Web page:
Sensors and Systems
Breaking News
Drone Aviation and LTE Advanced / 5G-NR Wireless Technology Provider ComSovereign Announce Merger
Rating12345JACKSONVILLE, Fla. – Drone Aviation Holding Corp. (OTCQB: DRNE) (“Drone Aviation”...
Nexit Launches as the Next Generation in Mobile Mapping With $10 Million in Funding
Rating12345NEW YORK – Nexit launches as the next generation...
The Latest RoboSense LiDAR Perception Solution Will Support Robo Taxi Development
Rating12345SHENZHEN, China – RoboSense today announced its launch of...

November 25th, 2007
Understanding Place

image
  • Rating12345

understand_placecoverHow often have you wondered “are they getting it?” Are the data and maps making any sense to the students? What are they thinking?

You are not alone. Many teachers have pondered the same questions. ‘Understanding Place – GIS Mapping across the Curriculum‘ provides a glimpse into the minds of students, through the eyes and observation of educators and how they are “getting it.”  Edited by Diana Stuart Sinton and Jennifer J. Lund, several contributing educators outline how Geographic Information Systems (GIS) are powerful, but their real power and effectiveness is measured in the hands of teachers and those who use it to impart understanding of the world through it.

Image

Understanding Place

GIS and Mapping Across the Curriculum

 

 

Diana Stuart Sinton

Jennifer J. Lund

 

ESRI Press

282 pages; 2007 –  ISBN: 1-58948-149-6

49.95 USD / 34.07 Euro

Review by Jeff Thurston

 

 

How often have you wondered “are they getting it?” Are the data and maps making any sense to the students? What are they thinking?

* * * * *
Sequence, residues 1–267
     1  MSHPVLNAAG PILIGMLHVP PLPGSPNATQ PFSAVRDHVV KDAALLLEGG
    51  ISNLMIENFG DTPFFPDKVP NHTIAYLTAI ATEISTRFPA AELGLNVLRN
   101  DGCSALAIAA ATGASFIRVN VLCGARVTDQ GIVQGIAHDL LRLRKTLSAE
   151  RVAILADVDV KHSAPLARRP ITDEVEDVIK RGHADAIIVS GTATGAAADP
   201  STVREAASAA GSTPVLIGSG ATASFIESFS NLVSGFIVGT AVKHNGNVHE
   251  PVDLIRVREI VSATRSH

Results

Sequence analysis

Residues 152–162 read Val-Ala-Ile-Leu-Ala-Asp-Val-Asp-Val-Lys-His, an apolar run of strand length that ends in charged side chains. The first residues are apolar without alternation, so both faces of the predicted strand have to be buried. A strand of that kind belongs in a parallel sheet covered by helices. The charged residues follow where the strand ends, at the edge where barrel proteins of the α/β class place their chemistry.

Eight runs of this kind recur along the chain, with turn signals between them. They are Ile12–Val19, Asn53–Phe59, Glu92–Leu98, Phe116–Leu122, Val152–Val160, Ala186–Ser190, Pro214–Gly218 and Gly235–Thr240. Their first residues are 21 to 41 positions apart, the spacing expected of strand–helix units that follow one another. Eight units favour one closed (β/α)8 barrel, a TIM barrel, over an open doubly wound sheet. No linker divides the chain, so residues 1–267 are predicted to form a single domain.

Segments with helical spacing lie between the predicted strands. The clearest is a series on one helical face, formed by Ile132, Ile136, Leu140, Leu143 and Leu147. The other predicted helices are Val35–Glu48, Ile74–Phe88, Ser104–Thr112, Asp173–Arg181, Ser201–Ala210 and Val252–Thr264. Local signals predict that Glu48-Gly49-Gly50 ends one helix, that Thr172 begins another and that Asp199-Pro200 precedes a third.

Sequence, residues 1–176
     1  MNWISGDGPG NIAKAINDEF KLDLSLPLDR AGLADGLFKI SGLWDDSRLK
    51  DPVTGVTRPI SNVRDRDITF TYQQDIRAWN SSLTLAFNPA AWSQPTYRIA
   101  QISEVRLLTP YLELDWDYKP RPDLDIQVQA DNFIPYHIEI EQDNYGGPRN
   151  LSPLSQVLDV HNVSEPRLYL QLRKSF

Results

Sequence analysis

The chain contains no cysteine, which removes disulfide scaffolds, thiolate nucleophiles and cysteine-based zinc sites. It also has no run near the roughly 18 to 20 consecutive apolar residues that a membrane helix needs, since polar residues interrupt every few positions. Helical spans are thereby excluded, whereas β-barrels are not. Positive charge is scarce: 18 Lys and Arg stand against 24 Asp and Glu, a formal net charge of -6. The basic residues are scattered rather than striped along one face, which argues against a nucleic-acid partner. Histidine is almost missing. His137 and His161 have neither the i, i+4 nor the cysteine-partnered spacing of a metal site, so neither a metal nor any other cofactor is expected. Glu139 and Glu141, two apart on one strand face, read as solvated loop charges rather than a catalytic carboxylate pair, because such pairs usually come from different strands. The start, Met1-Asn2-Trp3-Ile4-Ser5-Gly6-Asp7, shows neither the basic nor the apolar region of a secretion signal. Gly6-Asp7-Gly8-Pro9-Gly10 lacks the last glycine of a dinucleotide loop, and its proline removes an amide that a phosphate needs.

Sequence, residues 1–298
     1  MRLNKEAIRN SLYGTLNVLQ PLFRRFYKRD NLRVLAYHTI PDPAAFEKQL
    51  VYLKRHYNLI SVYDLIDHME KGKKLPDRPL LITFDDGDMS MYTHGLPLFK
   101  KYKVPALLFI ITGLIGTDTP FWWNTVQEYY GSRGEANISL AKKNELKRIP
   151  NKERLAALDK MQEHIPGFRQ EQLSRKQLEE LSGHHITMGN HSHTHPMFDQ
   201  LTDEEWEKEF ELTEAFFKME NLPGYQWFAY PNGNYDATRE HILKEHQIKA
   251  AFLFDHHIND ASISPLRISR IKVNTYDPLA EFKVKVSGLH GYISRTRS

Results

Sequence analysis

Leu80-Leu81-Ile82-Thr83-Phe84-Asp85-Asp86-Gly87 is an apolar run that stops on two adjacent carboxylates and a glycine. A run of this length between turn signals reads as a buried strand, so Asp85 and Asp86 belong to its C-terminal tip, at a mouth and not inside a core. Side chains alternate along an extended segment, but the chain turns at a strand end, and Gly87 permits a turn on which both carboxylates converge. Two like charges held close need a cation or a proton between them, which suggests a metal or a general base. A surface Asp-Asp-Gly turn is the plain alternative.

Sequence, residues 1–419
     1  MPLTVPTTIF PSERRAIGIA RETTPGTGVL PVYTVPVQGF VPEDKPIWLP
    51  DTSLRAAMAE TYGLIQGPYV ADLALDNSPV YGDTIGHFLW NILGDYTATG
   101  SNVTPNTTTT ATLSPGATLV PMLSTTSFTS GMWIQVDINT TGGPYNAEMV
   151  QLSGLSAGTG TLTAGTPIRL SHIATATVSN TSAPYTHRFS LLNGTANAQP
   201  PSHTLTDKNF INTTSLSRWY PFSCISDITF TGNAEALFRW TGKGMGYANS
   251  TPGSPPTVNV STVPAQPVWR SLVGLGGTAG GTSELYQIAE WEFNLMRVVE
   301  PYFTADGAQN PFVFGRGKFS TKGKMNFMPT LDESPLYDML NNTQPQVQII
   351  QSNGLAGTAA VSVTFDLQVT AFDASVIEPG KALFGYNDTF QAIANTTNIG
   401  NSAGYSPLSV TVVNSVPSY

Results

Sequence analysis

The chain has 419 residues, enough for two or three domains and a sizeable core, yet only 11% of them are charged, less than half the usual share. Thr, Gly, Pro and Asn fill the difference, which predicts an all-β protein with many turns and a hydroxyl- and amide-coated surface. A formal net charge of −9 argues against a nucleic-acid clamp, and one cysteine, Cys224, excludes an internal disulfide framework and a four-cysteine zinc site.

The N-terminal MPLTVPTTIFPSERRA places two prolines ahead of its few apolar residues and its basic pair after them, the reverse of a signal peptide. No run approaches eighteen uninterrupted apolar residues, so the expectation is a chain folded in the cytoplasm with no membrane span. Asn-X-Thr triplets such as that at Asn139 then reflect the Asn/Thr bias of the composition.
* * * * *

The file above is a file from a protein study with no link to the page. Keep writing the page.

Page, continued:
You are not alone. Many teachers have pondered the same questions.

Understanding Place – GIS Mapping across the Curriculum‘ provides a glimpse into the minds of students, through the eyes and observation of educators and how they are “getting it.”

Edited by Diana Stuart Sinton and Jennifer J. Lund, several contributing educators outline how Geographic Information Systems (GIS) are powerful, but their real power and effectiveness is measured in the hands of teachers and those who use it to impart understanding of the world through it.

This book is timely. The world is rapidly being engulfed by a myriad of cartographic products, from mashups to simulations and from virtual globes to 3D time-line displays. Geographic information is everywhere and many of the technologies and methods being used to display it and share it are bold, new, exciting and developing.

{sidebar id=23}

As spatial information use has grown, so too has the complexity and sheer volume of this information. To capitalize upon this expansion and use this information effectively, it is increasingly important to understand what it all means. How do we begin the challenge assessing it, thinking about it and assimilating it into our lives? What methods work, which don’t and are there tools that help with the process which are better than other’s?

‘Understanding Place’ begins by taking a pedagogical approach and framing the challenge through the role of maps. The book attempts to identify the narratives which point in the direction of spatial thinking. Author Lund suggests a map is a visual calculator, acting similar to a numerical calculator for understanding mathematics, but whose purpose is to understand the world through maps graphics.

Meanwhile, Sinton see’s a need to identify ‘how to use complex information’ and draws on the elements of speculation and interpretion from different sources of information. “Visual intuition must be tempered by evidence and thought” and a need exists to consume information that is complex before understanding it. Thus, the book recognizes that getting spatial information into people’s minds is a first step, while understanding what it all means, follows later. This has important implications for designing education materials and presenting them initially, while also addressing the fact that consumption is only part of the process of understanding.